The memory 42 is generally referred to as a Failure Analysis Memory (FAM) or an Error Catch RAM (ECR). It stores failure information when failures occurs during the function test. The memory 42 is constructed to correspond to a memory map of respective DUTs 80 a, 80 b, 80 c, 80 d, . . . , and 80 n. Thus, if the failure occurs in the 100th address in the memory of the first DUT 80 a, failure information is stored in the 100th address of memory 42, which is associated with the first DUT 80 a in the tester.

The information stored in the memory 42 is used as expected data when a write operation or a read operation is simultaneously executed in the plurality of DUTs 80 a, 80 b, 80 c, 80 d, . . . , and 80 n.

Since conventional semiconductor memory testers have only a single memory 42, and this memory stores the failure information generated in the DUTs 80 a, 80 b, 80 c, 80 d, . . . , and 80 n, only the same data can be transferred to the plurality of DUTs 80 a, 80 b, 80 c, 80 d, . . . , and 80 n. Thus, tests such as a trim test, a repair test, and an invalid block masking test can not be performed on such a tester. Such tests must be individually performed with respect to each of the DUTs 80 a, 80 b, 80 c, 80 d, . . . , and 80 n since they have different failure addresses. With conventional testers, such tests must, in general, be performed by a serial test system.

An example of a system that conducts electrical tests of semiconductor memory devices and which has only a single memory is shown in U.S. Pat. No. 5,896,398 (issued in Apr. 20, 1999).

FIG. 3 is a block diagram illustrating a prior art method of electrically testing flash memory devices. FIG. 4 is a flowchart illustrating a method of electrically testing the flash memory device according to conventional techniques.

Referring to FIGS. 3 and 4, electrical tests of the flash memory devices are conducted by a parallel test system. The test generally includes a pin contact test (SI 0 in FIG. 4), a DC characteristic test (S20), a function test & an AC characteristic test (S30) and pass/reject sorting (S40). All tests are executed by the parallel test system and they have a relatively high throughput when the number of DUTs is in the order of 256 devices. However, in order to conduct tests such as an invalid block masking test, the electrical test is conducted serially. Such a test involves searching for failure information in the memory 42 on a one by one basis (see FIG. 3) without carrying out the parallel test. Consequently, the electrical test is shifted from a parallel system to a serial system. This extends the test time and degrades test efficiency.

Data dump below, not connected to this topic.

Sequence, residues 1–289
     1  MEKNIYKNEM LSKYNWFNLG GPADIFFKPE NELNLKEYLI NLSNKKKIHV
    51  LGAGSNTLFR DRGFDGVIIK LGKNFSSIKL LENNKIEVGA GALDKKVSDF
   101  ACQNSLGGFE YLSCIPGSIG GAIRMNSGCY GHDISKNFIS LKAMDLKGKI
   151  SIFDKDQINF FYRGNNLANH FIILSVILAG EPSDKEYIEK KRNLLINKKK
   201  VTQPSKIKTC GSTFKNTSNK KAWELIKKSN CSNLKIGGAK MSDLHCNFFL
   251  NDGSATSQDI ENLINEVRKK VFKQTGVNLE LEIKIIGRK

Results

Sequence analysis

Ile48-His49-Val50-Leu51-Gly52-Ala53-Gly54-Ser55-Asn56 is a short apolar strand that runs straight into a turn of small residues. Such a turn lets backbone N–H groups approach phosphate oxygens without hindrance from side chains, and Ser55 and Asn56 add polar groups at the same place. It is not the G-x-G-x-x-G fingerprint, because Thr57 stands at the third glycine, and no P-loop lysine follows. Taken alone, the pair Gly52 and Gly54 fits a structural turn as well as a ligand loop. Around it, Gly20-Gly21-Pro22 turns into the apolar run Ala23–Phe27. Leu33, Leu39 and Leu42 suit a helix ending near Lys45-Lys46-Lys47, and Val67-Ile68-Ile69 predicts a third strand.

SUMMARY OF THE INVENTION

The present invention provides a flash memory tester which tests, in parallel, items that are serially tested by prior art testers. The tester of the present invention can therefore shorten test time.

With the present invention there is a first memory and a second memory associated with an algorithmic pattern generator in a tester. First, a test program is loaded into the tester and executed to test a plurality of DUTs in parallel. Once a failure is found in the DUT during a function test, the failure information is stored in a corresponding address of the first memory. Later the failure information of the first memory is searched and information with respect to the failure address is stored in the second memory. Finally, a parallel test is conducted during which different data is supplied to identical addresses of a plurality of DUTs using the data stored in the first and second memories.

According to an embodiment of the present invention, the trim test, the repair test and the invalid block masking test are conducted in parallel thereby reducing the test time and enhancing efficiency of the electrical test process.

BRIEF DESCRIPTION OF THE DRAWINGS

The above and other features and advantages of the present invention will become more apparent by describing in detail exemplary embodiments thereof with reference to the attached drawings in which:

FIG. 1 is a schematic block diagram showing a conventional tester used to electrically test a semiconductor memory device;

FIG. 2 is a block diagram showing the mapping of states of the memories of DUTs to a first memory of the tester during the electrical test of the flash memory device executed in the conventional tester;

FIG. 3 is a block diagram illustrating a method of electrically testing the flash memory device by a conventional technique;

FIG. 4 is a test flowchart illustrating a conventional method of electrically testing a flash memory device;